A Year After MF Global’s Collapse, Brokerage Firms Feel Less Pressure for Change
When MF Global toppled a year ago, chaos engulfed a Chicago trading floor. Customers were locked out of their accounts, later discovering that about $1 billion of their money had disappeared.
The debacle, which played out on the evening of Halloween, prompted federal authorities to immediately bear down on the brokerage firm and the broader futures trading industry.
But a year after a federal grand jury issued subpoenas and regulators vowed reforms, the largest bankruptcy since the financial crisis has begun to fade from Wall Street's memory.
Federal authorities have all but cleared MF Global's top executives of criminal wrongdoing, people briefed on the matter say. The government has yet to usher in a wider overhaul of futures trading rules, save for certain piecemeal policy changes. And the profit-making exchanges that rely on brokerage firms for business still police the futures industry, presenting potential conflicts of interest.
The slowing momentum for change has provided relief for the brokerage firms that dominate the futures trading industry. The Chicago companies, which largely dodged the humbling losses that scarred Wall Street in 2008, continue to cast MF Global as a fleeting distraction rather than a permanent black eye for their business.
"We haven't seen a dramatic change," said Terrence A. Duffy, executive chairman of the CME Group, the giant exchange that oversaw MF Global.
But the aftermath, Mr. Duffy noted, has left some customers wary.
Farmers and ranchers traded futures contracts through MF Global to protect themselves from the price swings of their crops. While the clients have received 82 percent of their missing money, they are still owed millions of dollars.
With the prospect of a full recovery unlikely, some traders are sitting on the sidelines. Others who continue to trade are seeking added assurances that the brokerages will follow the law.
"Every conversation with clients is about safety and sanctity of customer funds," said Mike O'Callaghan, a managing director of business development at Knight Capital's futures business.
Futures customers — and the integrity of the industry — were dealt a further blow this summer when another firm collapsed after misusing customer money. The chief executive of the firm, the Peregrine Financial Group, attempted suicide before eventually pleading guilty to carrying out a nearly 20-year scheme to raid customers' accounts.
The problems have taken their toll on customer confidence.
"The general tenor is fear," said James L. Koutoulas, chief executive of Typhon Capital Management, a hedge fund client of MF Global and the head of the Commodities Customer Coalition, a group of customers fighting for the return of their missing money.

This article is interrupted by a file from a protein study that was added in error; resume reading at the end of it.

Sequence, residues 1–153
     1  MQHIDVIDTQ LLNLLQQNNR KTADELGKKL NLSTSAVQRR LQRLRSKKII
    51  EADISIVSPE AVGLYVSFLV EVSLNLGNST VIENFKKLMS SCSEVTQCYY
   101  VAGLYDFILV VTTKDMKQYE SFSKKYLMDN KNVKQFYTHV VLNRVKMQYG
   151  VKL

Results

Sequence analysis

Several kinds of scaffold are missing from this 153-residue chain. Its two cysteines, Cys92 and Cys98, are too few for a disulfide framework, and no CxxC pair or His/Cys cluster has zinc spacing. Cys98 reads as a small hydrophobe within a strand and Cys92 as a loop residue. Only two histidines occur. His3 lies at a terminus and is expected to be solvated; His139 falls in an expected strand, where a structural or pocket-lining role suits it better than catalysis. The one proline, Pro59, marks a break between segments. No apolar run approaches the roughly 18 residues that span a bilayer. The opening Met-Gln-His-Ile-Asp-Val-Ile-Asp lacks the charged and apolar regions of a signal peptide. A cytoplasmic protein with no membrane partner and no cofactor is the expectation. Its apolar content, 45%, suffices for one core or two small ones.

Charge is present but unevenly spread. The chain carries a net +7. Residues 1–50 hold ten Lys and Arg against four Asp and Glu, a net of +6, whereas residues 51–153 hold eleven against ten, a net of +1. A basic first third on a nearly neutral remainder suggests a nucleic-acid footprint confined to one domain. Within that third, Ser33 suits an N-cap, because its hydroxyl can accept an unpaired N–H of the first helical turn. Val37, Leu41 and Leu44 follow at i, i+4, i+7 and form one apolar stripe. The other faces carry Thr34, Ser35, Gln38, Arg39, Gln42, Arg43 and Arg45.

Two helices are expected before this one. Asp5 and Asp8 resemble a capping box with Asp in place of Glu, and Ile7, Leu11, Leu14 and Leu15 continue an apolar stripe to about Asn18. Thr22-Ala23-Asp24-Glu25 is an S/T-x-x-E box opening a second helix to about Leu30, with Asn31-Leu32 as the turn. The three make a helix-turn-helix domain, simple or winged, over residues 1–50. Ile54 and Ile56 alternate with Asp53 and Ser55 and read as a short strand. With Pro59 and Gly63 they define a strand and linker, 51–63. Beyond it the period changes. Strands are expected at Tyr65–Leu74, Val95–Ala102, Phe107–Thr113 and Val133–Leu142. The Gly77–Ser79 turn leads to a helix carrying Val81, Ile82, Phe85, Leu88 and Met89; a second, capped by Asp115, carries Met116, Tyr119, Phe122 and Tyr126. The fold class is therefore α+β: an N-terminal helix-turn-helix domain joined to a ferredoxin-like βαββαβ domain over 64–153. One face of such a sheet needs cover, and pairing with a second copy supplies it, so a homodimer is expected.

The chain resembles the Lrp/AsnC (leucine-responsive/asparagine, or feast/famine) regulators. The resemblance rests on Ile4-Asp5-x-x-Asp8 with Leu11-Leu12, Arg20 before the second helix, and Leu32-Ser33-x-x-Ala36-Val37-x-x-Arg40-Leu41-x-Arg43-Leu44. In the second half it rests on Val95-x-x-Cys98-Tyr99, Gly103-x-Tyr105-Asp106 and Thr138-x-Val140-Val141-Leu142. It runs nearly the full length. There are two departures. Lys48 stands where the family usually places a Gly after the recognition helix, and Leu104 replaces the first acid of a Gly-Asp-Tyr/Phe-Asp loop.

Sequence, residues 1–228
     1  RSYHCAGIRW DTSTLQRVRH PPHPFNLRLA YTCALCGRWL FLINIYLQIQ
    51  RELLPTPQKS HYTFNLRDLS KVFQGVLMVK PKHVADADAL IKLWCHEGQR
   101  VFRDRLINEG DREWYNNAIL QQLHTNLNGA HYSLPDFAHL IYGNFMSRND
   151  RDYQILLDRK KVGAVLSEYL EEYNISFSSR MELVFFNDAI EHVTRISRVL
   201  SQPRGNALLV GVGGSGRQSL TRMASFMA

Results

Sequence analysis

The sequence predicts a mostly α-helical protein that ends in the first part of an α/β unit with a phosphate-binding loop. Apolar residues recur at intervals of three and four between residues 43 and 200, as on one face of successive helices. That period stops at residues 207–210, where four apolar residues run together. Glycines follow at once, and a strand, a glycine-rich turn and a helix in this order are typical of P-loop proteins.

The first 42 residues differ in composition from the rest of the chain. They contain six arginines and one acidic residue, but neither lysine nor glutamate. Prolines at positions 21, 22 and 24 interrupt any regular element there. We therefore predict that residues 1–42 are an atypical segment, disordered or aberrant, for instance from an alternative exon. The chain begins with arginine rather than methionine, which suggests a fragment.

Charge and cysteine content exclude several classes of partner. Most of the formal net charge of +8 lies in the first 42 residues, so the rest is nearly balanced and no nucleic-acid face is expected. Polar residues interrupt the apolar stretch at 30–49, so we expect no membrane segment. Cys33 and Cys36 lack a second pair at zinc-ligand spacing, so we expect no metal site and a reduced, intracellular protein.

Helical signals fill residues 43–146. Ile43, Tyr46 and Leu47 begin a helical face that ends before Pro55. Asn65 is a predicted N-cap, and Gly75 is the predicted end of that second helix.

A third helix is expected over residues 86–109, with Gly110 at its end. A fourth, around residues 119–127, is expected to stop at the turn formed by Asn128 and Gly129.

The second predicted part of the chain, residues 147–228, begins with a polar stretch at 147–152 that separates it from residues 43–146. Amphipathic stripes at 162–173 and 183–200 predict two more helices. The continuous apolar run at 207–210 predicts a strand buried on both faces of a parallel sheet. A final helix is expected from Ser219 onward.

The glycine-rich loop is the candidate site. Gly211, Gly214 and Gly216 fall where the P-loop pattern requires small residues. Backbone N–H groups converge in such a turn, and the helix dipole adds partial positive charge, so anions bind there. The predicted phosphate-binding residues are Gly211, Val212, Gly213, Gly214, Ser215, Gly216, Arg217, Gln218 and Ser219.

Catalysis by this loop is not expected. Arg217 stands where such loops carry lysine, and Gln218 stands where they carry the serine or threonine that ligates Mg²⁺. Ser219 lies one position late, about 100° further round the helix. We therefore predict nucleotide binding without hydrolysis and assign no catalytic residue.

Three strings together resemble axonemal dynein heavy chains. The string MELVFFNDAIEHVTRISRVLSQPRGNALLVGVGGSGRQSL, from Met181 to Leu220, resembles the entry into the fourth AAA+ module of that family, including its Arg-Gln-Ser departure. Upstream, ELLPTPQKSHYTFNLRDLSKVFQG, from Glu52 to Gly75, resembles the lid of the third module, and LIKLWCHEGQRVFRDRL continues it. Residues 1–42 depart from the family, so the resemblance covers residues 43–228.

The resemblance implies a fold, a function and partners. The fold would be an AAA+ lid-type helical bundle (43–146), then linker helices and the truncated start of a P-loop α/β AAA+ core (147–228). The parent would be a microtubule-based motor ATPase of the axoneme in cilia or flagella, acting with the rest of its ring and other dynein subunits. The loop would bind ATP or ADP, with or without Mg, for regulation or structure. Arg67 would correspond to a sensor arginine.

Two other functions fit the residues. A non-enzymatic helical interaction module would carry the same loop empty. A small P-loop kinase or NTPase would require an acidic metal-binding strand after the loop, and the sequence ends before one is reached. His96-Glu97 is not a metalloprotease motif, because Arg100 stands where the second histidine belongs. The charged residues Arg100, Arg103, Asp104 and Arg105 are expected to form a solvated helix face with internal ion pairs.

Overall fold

Mr. Koutoulas and other customers are eager for a reckoning. They have questioned why authorities have not taken a harder line with Jon S. Corzine, the former chief executive of MF Global. Criminal investigators have largely concluded that chaos and porous risk controls at the firm, rather than fraud, led to the disappearance of the money.
"You can't raid customer accounts and get a slap on the wrists," Mr. Duffy said. "There needs to be stiffer penalties."
MF Global executives might still face legal repercussions. The Commodity Futures Trading Commission, the industry's federal regulator, could level an enforcement action against Mr. Corzine, even though such an action would be weeks or months away.
"It must be frustrating to people not to have a final outcome for what may appear to be malfeasance," said Bart Chilton, a commissioner at the agency. "But investigations take time and we need to ensure that we've done a thorough review."
As authorities continue to build a regulatory case, a Congressional investigation into MF Global's collapse is drawing to a close. The chairman of the House Financial Services Committee's oversight panel announced Wednesday that he would release an investigative report about MF Global in the next "few weeks." Randy Neugebauer, Republican of Texas, said the report would serve as an "autopsy of how MF Global came to its ultimate demise and what policy changes need to be made to prevent similar customer losses in the future."
MF Global was also a topic of conversation Wednesday at an annual industry conference in Chicago. Futures firms there planned to discuss new ways to protect customer cash and restore confidence in their industry.
A regulatory effort, while incomplete, has generated new measures that aim to protect customer funds.
The CME Group, which has started a $100 million protection fund for farmer and ranchers, has stepped up its surprise audits of brokerage firms. The CME and the National Futures Association, another self-regulatory group, also championed the so-called Corzine rule, which forces top executives to approve any transfer of more than 25 percent of the funds sitting in a customer account. And last week, the trading commission voted unanimously to propose new customer protections aimed at closing loopholes.
For their part, many MF Global employees remain chastened by their firm's collapse. Lawmakers hauled Mr. Corzine, a former senator from New Jersey, to Washington three times to testify before Congressional committees. Some MF Global employees remain unemployed while others took major pay cuts to work for the trustee unwinding the firm's assets.
Several MF Global employees planned to gather on Thursday for drinks at a Midtown Manhattan bar, just blocks from their old firm, to commiserate on their trying year. They canceled the event after another disaster, Hurricane Sandy, left some people stranded without power.